…from B to B:

    …produces the B super Locrian scale:

    Attention: Lowering the fourth tone of the Locrian scale produces the super Locrian scale.

    Resolving To The 2-chord

    The A altered chord:

    …resolves to the 2-chord in the key of C major (which is the D minor ninth chord):

    The scale option for the A altered chord is the A super Locrian scale:

    A super Locrian scale:

    A altered chord:

    Exercise: Improvise with the A super Locrian over the A altered chord while resolving to the D minor ninth chord.

    Resolving To The 3-chord

    The passing chord to the 3-chord in the key of C major (which is the E minor seventh chord):

    …is the B altered chord:

    The B super Locrian is a great scale option over the B altered chord:

    B super Locrian:

    B altered chord:

    Attention: Playing the B super Locrian scale over the 3-chord produces what music scholars call delayed resolution and we’ll be covering it in a subsequent lesson.

    Resolving To The 6-chord

    The A minor ninth chord is the 6-chord in the key of C major and it’s corresponding dominant chord is the E altered chord:

    E altered chord:

    A minor ninth chord:

    The E super Locrian scale:

    …is one of the scale options for the E altered chord:

    Attention: The E super Locrian can be challenging to play if you don’t use the right fingering: “3 – 1-2-3-4 – 1-2-3”

    Scale Option #2 — “The Spanish Phrygian Scale”

    The Spanish Phrygian scale is the fifth mode of the harmonic minor scale and also a synthetic mode.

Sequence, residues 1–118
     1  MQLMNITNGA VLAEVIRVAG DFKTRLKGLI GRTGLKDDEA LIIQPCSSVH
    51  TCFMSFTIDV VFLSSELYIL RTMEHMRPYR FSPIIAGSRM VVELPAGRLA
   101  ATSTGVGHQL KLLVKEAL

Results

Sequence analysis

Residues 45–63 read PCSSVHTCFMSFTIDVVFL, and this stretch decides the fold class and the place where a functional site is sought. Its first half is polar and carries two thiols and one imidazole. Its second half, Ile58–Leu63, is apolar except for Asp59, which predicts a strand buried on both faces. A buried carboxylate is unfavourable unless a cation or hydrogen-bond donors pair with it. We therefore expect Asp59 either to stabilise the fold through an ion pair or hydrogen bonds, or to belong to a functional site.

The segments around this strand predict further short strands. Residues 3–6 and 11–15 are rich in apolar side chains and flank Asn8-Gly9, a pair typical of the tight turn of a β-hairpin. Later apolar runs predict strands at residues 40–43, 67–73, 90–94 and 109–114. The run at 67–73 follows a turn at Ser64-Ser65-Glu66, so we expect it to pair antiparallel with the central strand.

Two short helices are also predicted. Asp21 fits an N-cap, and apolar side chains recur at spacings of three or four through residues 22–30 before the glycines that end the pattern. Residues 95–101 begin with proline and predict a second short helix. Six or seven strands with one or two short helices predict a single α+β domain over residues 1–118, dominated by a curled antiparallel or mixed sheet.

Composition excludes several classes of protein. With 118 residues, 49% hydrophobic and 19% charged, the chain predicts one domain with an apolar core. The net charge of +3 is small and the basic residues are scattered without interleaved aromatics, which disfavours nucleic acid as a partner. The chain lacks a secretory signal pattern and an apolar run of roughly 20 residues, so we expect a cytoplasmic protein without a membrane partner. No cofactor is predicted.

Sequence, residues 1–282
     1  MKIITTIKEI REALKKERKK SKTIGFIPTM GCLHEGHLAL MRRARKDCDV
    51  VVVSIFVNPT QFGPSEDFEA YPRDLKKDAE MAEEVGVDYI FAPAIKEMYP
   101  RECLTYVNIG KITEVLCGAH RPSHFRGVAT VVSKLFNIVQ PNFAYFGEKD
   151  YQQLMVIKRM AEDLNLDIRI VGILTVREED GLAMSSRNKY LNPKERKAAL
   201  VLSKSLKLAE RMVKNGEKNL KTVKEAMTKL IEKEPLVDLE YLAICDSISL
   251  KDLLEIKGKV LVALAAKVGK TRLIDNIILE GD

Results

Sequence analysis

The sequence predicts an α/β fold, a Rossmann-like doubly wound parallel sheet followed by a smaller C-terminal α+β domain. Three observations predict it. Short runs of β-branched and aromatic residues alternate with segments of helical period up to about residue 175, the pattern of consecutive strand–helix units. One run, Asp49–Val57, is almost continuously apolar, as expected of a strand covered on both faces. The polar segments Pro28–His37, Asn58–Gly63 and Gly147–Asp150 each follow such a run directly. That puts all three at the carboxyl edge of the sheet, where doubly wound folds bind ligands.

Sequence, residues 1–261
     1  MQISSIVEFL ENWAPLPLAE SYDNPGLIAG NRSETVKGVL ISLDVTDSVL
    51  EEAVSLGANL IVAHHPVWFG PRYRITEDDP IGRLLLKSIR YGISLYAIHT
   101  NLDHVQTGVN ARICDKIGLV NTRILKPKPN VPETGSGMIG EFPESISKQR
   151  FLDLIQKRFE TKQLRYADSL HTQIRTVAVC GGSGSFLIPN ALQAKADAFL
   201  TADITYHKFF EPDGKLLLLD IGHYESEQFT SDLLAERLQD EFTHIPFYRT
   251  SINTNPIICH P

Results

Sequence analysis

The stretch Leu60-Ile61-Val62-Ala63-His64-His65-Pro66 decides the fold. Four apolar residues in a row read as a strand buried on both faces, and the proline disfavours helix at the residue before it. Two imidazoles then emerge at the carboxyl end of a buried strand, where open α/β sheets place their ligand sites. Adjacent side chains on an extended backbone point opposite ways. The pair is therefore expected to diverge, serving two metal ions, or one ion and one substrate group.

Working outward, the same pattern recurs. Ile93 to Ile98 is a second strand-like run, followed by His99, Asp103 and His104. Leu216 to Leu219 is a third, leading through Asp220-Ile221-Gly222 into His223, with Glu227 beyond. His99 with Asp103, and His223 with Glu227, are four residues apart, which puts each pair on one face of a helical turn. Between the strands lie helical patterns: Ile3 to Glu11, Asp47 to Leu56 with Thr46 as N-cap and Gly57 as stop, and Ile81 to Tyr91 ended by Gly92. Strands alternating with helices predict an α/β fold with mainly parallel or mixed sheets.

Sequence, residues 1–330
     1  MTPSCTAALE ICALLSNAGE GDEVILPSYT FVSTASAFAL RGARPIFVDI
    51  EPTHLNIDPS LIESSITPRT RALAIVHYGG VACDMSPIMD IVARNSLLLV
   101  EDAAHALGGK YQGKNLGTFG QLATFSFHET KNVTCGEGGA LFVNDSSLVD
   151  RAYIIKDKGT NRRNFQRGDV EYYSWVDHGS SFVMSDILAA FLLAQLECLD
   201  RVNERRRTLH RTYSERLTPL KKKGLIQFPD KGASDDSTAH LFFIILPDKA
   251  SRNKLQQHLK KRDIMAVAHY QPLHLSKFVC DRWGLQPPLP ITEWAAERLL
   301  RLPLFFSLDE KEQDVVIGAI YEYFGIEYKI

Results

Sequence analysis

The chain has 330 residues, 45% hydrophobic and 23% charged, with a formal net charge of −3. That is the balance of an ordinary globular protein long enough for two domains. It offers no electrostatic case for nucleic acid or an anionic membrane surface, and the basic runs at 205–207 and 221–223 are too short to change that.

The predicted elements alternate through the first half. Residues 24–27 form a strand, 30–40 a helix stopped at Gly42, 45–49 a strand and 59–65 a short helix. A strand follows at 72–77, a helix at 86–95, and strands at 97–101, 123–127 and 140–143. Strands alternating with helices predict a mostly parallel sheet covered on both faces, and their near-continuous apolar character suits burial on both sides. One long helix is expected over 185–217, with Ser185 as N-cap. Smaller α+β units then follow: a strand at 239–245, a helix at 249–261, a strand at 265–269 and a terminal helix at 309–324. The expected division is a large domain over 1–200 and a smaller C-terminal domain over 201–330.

Raising the third tone of the Phrygian mode by a half-step produces the Spanish Phrygian scale. For example, the third tone of the C Phrygian scale:

    …which is Eb:

    …can be raised by a half-step (to E):

    …to produce the C Spanish Phrygian scale:

    Resolving To The 2-chord

    The dominant chord that resolves to the D minor ninth chord (the 2-chord in the key of C major):

    …is the A dominant seventh (flat ninth) chord:

    The A Spanish Phrygian scale can be played over the A dominant seventh (flat ninth) chord:

    A Spanish Phrygian scale:

    A dominant seventh (flat ninth) chord:

    Attention: Feel free to experiment playing the scale using rhythmic varieties.

    Resolving To The 3-chord

    The B dominant seventh (flat ninth) chord resolves to the E minor seventh chord:

    B dominant seventh (flat ninth) chord:

    E minor seventh chord:

    …and the scale option for the B dominant seventh (flat ninth) chord is the B Spanish Phrygian scale.

    B Spanish Phrygian scale:

    B dominant seventh (flat ninth) chord:

    Submission: If you love the active Bebop lines of Charlie Parker, then I have no doubt that you’re having fun with the Spanish Phrygian scale.

    Resolving To The 6-chord

    The corresponding dominant chord for the 6-chord (which is the A minor ninth chord):